Throughout our existence, we’re bombarded with cheesy cliches and phrases meant to guide us through the often unnavigable terrain we call life. From adolescent drama at the school dance to adult annoyances in the work place, you’ll find that these “Golden Rules” apply to even the strangest of situations- like a Phish show.
Read on to find out why sharing your Tonka truck on the playground is just as important as sharing a joint with the stranger standing next to you.
1. Sharing is caring
Unless you’re an only child, I bet since the moment you were old enough to formulate the words “mama” and “dada” your parents have stressed to you the importance of sharing. Sharing toys, sharing food, sharing toothbrushes- wait, am I the only person not opposed to toothbrush sharing? Either way, the art of sharing is one that will serve you throughout your entire life. It also comes in especially handy at a Phish show, where sharing truly is caring. Have weed but no pipe? Have a pipe but no light? Turn to your neighbor and help each other out. Happen to have an extra bottle of water? I’m sure the guy in the sweat-soaked t-shirt next to you would love a sip, and maybe he’ll even let you take a dip of whatever mysterious substance is in that tiny plastic bag he keeps taking out of his pocket. Remember half the fun of a Phish show is the awesome vibe in the crowd, and that vibe is facilitated by the whole “what’s yours is mine and what’s mine is yours” attitude.
2. Dance like nobody is watching
Throughout my teenage years I was always too self conscious to dance. At school functions and cheesy under 21 night clubs, I was the friend who stood on the sidelines watching as everybody else awkwardly grinded to that song “Pony” and did the electric slide. I thought that I was just born with two left feet, destined for a life of chicken-dance envy. It took a few years to realize that I actually could dance, the music I was listening to just sucked. But the beauty of Phish is that you can dance however you want to, judgement free. Sway to the left, sway to the right, throw your hands in the air, twirl around, do a spinning-star kick. Whatever floats your boat, man. Don’t feel like dancing? That’s alright, too, nobody is going to grab your hand and try to pull you up onto the dance floor which everybody hates. OK, that might happen during “Boogie On Reggae Woman” but you can’t blame a guy for trying.
3. It’s OK to cry
I like to bury my emotions just as much as the next middle child, but if there’s one thing Phish has taught me is that sometimes it’s OK to let your feelings out. Even if they aren’t so pretty. There’s something very spiritual about a Phish show, and that spirituality coupled with whatever bath-salt-laced hallucinogenic you might be partaking in equals a lot of emoting. The first time I saw Phish at Fenway Park and they opened with “The Star Spangled Banner” I don’t think there was a dry eye in the house, and who doesn’t get choked up during a good rendition of “Prince Caspian?” As much as we all pretend to hate “Joy,” when Trey starts in on the first few verses it’s Niagara Falls, Frankie Angel. But I think the most memorable boohoo fest I’ve witnessed happened a few summers ago at a Darien Lake, NY show. As the band plucked the opening notes of “Fluffhead,” I turned to find my friend with tears streaming down his reddened face. Before his silent cries turned into loud, guttural weeps, he ran deep into the crowd to avoid being mocked by his buddies. In all fairness, he was on a lot of acid at the time.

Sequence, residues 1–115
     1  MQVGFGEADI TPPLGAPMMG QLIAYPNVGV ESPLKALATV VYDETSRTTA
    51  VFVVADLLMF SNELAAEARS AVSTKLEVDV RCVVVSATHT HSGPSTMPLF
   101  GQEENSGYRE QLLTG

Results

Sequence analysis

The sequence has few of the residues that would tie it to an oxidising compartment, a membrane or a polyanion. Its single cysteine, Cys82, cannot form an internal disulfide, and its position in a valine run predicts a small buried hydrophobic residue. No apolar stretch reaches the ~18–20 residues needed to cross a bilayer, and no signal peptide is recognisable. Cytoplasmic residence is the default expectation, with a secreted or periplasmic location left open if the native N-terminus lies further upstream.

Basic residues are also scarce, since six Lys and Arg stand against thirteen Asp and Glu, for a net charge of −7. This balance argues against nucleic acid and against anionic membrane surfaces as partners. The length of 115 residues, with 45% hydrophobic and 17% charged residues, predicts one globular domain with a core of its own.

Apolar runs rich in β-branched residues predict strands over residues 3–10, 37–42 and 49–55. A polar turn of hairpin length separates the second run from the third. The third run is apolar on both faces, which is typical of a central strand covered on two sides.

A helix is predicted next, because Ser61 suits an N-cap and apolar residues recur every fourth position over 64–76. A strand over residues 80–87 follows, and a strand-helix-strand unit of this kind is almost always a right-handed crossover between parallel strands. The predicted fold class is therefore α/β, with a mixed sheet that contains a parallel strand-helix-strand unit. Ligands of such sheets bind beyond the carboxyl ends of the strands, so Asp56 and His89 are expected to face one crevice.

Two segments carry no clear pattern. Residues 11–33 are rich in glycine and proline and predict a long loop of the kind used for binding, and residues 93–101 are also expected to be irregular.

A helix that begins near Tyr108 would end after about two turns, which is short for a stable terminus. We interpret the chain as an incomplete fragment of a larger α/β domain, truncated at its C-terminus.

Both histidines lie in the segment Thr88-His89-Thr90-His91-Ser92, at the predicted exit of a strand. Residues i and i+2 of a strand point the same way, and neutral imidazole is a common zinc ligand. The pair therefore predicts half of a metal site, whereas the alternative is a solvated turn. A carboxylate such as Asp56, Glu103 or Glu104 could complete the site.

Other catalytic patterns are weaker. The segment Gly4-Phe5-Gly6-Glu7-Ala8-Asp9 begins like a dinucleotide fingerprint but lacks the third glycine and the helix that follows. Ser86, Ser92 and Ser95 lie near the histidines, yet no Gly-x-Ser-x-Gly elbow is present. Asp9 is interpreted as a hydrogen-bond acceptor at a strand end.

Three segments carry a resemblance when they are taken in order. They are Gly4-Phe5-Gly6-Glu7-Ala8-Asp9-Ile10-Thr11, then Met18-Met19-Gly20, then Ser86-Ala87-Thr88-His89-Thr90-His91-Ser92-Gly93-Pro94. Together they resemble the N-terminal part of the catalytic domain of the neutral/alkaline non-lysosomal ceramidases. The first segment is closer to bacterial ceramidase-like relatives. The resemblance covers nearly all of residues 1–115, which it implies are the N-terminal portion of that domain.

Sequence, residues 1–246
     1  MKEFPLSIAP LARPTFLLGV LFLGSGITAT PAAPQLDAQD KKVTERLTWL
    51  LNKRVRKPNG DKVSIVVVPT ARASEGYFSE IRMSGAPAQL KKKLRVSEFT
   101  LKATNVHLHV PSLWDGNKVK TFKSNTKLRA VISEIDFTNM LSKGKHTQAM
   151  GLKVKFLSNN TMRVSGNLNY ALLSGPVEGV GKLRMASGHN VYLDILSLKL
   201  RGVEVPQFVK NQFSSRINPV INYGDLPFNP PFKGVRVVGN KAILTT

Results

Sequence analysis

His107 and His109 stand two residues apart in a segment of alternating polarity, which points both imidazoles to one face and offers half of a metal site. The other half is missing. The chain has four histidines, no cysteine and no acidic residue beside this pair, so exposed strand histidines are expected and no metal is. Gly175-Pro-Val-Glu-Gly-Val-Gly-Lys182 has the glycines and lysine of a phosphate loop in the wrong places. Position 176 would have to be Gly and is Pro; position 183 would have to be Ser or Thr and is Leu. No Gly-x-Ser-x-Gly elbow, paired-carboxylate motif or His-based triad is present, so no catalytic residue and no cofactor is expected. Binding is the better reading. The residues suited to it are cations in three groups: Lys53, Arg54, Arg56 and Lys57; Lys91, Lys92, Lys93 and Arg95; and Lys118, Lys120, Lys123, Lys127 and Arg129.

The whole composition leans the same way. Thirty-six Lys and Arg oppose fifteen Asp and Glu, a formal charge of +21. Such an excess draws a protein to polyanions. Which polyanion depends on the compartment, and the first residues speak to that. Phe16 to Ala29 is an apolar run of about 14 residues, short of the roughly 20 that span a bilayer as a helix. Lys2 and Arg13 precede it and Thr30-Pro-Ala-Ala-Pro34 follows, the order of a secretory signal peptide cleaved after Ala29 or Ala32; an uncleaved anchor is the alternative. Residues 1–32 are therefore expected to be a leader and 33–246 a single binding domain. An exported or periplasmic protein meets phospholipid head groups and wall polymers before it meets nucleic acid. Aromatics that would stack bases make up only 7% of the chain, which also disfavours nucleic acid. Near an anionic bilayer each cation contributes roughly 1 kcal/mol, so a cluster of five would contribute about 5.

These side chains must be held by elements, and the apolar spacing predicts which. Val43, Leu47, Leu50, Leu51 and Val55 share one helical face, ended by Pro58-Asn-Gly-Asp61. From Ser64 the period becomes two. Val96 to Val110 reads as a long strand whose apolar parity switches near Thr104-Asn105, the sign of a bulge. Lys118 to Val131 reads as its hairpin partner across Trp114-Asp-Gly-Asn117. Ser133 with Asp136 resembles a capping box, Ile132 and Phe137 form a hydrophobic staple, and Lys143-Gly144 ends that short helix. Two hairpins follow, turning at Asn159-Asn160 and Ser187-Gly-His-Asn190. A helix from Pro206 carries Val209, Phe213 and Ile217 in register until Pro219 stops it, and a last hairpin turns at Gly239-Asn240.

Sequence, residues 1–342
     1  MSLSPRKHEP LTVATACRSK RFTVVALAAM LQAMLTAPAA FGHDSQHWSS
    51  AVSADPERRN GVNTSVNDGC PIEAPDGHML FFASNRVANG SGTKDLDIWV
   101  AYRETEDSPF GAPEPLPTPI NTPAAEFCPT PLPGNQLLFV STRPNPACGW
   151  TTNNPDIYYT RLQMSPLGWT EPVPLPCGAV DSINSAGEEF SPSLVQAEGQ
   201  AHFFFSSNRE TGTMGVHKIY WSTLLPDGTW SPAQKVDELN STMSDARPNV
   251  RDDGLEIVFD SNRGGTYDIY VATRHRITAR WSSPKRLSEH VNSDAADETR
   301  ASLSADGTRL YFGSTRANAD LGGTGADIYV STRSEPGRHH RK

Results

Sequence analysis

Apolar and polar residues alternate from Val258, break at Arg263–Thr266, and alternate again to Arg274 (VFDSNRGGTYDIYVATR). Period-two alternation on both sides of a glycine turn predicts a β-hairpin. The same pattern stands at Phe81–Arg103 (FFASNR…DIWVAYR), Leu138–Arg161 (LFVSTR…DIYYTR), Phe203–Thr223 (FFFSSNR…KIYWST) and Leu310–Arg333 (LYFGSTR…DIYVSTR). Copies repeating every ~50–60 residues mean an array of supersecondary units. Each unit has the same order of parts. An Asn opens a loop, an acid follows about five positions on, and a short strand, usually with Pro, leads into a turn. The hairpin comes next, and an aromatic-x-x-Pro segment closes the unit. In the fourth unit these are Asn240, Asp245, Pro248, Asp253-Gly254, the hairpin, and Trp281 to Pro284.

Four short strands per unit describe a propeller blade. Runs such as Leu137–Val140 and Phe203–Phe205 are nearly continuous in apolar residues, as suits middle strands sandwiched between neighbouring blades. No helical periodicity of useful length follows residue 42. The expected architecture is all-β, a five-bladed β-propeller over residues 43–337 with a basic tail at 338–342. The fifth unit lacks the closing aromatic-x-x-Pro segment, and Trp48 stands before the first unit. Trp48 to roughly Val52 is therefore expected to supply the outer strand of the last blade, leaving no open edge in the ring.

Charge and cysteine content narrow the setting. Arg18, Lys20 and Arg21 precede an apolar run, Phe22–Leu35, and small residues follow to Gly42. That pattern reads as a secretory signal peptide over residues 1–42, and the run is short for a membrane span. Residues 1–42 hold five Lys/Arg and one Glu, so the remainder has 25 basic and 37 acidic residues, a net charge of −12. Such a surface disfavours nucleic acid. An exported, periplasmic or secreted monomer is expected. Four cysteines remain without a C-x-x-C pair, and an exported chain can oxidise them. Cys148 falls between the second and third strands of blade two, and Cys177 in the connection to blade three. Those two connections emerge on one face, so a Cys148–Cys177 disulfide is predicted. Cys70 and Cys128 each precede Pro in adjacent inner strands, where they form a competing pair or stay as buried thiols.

4. Sometimes you have to shut the fuck up
Speaking of Fluffhead, the only Phish show I’ve been to where I remember being actively pissed at the people around me happened on the lawn at SPAC in Saratoga, NY. It was crowded, the air thick not with bud- but cigarette- smoke, and even thicker with the conversation between the two obnoxious upstate New Yorkers next to me. Of course people at a concert want to be social, but this was beyond friendly banter. It was as if they were walking and talking and just stumbled upon a Phish show, completely unaware that there was live music happening in front of them. I don’t even remember what they were talking about- hunting, drinking, banging bitches- all I know is that they were loudest during the most epic part of the Fluffhead jam, right before it goes back to the refrain. And just like the friend who walks in at the climax of a movie and starts asking about the plot, sometimes you just want to scream SHUT THE FUCK UP, and sometimes you’re the person who needs to do the shutting up.
5. Miracles do exist
As a young, angst-filled teen, I spent many-a-day depressed in my room listening to The Descendents and painting my nails black. In an effort to get me out of my oversized Vans hoodie and into the sunshine, my mom would often try to lift my spirits with quotes she nabbed from her Zen-A-Day calendar. I still remember one in particular, “The more often you have a good attitude, the more often you have a good day.” Cheesy as it may be, it’s definitely true. Positive thinking does lead to positive things. For instance, if you desperately need that coveted Phish ticket and can’t pay ridiculous Stub Hub prices, a big smile, good attitude and resilient finger in the air will often bring you what you need. Every phan knows If you believe you’ll get the ticket, you WILL get the ticket. And if you and your two friends need New Year’s Eve Madison Square Garden tickets at face value- no matter how high the odds are stacked against you- if you really believe you’ll get them, you may just find yourself on a bus to Philly meeting up with a friend who came down with food poisoning and now has three tickets to spare. Oh yes, that happened.